Launched in 1998 as an entry-level SLR, the Nikon F60 (or N60 if you’re in the USA) is not a camera that is ever likely to have its own fan club. It looks like a plastic-fantastic , but is surprisingly heavy on account of the metal it has underneath its polycarbonate skin. I picked mine up for £10 from a local camera shop and paid an additional £10 for the Nikkor 28-80mm G lens which is likely to be its permanent companion.
The auto-focus and metering are fairly rudimentary compared to other cameras in the Nikon range, the motorwind is pretty slow and it will only work with DX-coded film canisters. There is no way to manually set the film ISO, but you do get ±3 stops of exposure compensation (which is ‘remembered’ when turning the camera off) so there is a work-around.
My aquaintance with this camera has been short, but (so far) sweet. I’ve put two rolls through it and for a camera to have with me all the time, I think it is nearly ideal. Sure, it’s a bit bigger and heavier than I’d prefer, but it isn’t so big and heavy that I resent having it in my man-bag. It feels good in the hand, and I can use it one-handed, so it’s perfect for when I’m walking my dogs on their leash. It’s cheap enough that I’m not worried about breaking it, so no need to faff about with a strap.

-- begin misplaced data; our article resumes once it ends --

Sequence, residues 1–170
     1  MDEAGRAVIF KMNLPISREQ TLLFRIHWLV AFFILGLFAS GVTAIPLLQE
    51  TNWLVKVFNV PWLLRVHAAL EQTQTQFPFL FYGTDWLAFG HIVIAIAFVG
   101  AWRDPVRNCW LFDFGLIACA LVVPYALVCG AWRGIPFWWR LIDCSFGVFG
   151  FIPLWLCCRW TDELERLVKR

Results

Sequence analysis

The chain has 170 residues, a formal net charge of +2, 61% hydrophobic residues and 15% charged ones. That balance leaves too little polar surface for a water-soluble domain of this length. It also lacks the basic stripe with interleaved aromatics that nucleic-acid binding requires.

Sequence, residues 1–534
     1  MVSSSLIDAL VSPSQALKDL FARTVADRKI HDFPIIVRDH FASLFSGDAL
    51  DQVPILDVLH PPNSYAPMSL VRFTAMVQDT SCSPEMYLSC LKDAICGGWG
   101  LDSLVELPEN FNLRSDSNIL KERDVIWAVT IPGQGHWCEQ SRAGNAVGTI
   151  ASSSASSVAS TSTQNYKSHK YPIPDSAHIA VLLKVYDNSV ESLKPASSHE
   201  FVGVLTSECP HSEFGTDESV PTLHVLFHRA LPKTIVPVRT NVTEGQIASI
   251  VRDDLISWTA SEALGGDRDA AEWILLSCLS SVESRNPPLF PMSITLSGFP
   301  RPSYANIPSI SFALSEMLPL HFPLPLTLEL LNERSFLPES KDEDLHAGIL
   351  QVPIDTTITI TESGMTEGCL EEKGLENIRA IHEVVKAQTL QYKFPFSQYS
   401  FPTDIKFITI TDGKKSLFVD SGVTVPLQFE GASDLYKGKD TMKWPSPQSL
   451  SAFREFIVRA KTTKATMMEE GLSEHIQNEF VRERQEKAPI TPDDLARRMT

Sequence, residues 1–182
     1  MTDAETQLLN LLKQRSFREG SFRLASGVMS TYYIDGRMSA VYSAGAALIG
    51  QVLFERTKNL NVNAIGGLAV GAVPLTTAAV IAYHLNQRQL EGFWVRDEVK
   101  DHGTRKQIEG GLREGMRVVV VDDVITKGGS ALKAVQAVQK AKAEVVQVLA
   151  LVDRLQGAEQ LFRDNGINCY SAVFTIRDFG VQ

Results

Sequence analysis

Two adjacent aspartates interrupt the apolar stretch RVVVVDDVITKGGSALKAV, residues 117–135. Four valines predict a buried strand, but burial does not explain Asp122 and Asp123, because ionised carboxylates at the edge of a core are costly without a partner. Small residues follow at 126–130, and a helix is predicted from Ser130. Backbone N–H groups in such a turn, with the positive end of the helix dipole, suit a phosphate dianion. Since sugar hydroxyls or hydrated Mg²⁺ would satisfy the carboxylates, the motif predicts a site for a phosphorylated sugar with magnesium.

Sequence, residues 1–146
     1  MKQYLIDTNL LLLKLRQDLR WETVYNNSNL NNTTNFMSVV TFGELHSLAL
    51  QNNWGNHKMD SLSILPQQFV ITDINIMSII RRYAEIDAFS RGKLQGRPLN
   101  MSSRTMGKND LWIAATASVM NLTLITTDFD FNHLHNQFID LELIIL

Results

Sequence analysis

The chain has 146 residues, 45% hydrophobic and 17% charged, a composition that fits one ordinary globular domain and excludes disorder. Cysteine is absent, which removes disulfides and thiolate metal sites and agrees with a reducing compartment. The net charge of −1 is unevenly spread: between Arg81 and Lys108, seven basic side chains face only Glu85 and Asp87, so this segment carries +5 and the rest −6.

I can have manual control if I want, but mostly intend to use it as a point-and-shoot on aperture priority. I can buy ten of these for the price of a less capable but more fashionable compact such as the Olympus Mju II. When you put it that way, what’s not to like?
Cross=posted at my Lomography home